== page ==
The rovers

Each rover has a mass of 174 kg, and when fully deployed from their cruise configuration, each stands around 1.5 m tall with a width of 2.3 m and a length of 1.6 m. Once free of its carrier, each rover communicates with terrestrial ground-stations of the Deep Space Network (DSN) directly via their low-gain and high-gain antenna at X-band frequencies of 7.2 GHz for the uplink, and 8.4 GHz for the downlink. The omnidirectional UHF antenna can communicate with orbiting spacecraft (Mars Odyssey, MGS, MEx) at rates up to 128 kbps, while the 28 cm diameter HGA allows data rates of 2 kbps with the much more distant DSN.

A notable feature of the MER project is the presence of an arm on the forward face of each rover. This arm, having five degrees of freedom, is able to position the instrument platform at its tip up to 0.8m in front of the rover within a volume of around 0.1m3. Clearly, exceptional science can be performed by locating payload sensors, and not necessarily whole instruments, on the end of an articulated arm. The inevitable tradeoff between mass and actuator size for the arm versus the reach and carried mass has been solved for the MER project by having the arm of each rover carry a four-way turret which allows one of four devices to be offered up to a surface presented to the rover. This arrangement is shown in Figure 27.2 along with the positions of the other notable rover items.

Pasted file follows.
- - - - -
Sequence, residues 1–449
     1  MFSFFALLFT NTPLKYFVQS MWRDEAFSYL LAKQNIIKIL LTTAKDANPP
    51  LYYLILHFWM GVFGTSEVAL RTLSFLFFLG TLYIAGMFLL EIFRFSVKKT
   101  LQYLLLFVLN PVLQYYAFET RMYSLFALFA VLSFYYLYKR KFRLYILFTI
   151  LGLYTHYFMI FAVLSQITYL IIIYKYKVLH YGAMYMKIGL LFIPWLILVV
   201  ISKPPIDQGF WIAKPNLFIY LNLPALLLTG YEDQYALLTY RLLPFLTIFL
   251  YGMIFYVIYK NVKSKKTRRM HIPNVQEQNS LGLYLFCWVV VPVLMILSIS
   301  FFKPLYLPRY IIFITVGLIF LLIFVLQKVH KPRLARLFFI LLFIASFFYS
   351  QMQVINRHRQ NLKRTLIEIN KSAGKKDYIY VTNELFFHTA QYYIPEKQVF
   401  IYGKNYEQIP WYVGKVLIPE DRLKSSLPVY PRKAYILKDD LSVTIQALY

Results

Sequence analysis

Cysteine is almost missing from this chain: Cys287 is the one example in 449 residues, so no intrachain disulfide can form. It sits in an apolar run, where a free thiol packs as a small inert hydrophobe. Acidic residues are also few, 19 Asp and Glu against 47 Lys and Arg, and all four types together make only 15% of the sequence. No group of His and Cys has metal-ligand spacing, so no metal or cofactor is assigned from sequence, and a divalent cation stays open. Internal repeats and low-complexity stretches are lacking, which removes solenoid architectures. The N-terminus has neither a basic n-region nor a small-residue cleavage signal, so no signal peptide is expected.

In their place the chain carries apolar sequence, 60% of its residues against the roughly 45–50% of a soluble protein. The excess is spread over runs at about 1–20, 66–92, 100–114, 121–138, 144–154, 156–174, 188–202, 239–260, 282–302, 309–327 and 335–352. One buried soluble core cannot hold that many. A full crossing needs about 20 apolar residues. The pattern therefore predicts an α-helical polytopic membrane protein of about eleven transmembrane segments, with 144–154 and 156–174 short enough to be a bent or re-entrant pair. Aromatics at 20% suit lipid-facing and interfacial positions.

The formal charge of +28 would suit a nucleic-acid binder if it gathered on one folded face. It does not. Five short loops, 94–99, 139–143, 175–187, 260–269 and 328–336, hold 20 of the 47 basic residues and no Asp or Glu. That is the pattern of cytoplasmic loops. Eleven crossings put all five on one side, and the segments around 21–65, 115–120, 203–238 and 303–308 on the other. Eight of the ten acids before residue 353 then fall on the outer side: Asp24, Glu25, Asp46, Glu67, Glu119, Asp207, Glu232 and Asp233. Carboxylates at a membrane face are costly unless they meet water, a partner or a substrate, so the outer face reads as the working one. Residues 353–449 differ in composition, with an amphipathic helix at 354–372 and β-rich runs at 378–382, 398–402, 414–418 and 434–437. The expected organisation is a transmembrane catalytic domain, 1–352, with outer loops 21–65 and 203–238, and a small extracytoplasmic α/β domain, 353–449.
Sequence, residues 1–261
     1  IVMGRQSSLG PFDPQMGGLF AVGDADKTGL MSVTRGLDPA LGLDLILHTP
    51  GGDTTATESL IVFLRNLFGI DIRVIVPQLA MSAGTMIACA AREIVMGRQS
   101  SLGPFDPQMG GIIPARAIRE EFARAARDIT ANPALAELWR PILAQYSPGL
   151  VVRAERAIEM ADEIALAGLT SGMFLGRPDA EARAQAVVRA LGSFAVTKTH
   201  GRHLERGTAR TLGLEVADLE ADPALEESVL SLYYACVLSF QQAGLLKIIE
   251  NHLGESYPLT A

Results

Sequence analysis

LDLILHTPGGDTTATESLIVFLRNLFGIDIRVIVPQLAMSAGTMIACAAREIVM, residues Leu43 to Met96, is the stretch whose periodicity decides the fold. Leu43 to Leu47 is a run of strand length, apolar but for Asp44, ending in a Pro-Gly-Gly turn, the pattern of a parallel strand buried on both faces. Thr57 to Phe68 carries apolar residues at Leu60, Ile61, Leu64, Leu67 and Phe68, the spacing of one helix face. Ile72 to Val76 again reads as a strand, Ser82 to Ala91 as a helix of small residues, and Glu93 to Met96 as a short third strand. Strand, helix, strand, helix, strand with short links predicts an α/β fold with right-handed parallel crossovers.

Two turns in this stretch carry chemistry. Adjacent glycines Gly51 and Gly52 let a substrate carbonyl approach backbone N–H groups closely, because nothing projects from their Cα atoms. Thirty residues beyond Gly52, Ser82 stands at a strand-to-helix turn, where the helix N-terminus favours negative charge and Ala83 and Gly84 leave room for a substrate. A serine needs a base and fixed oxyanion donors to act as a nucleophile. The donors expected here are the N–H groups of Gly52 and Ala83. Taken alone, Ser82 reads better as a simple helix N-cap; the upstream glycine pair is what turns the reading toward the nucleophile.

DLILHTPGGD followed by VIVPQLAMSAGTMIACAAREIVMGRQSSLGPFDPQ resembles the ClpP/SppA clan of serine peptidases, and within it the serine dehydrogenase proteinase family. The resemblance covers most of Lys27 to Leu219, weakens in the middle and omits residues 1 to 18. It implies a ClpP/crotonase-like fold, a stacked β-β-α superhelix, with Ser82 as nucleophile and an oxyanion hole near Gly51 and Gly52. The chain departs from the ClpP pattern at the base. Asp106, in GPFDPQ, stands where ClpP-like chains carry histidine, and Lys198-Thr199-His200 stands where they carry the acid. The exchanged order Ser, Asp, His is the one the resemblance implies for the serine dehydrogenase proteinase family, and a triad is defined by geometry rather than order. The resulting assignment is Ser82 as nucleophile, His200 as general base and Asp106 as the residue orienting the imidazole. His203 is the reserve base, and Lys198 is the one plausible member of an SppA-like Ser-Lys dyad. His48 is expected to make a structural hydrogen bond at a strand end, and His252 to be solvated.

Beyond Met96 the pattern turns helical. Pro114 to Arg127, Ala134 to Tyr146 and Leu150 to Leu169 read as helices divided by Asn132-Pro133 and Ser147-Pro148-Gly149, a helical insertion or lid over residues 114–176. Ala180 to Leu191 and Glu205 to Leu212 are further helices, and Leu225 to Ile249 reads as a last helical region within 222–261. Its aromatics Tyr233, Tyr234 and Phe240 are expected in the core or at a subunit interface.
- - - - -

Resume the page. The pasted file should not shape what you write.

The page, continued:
In Table 27.1 the data products from the payloads of Spirit and Opportunity are summarized and the payload instruments are described in detail thereafter.

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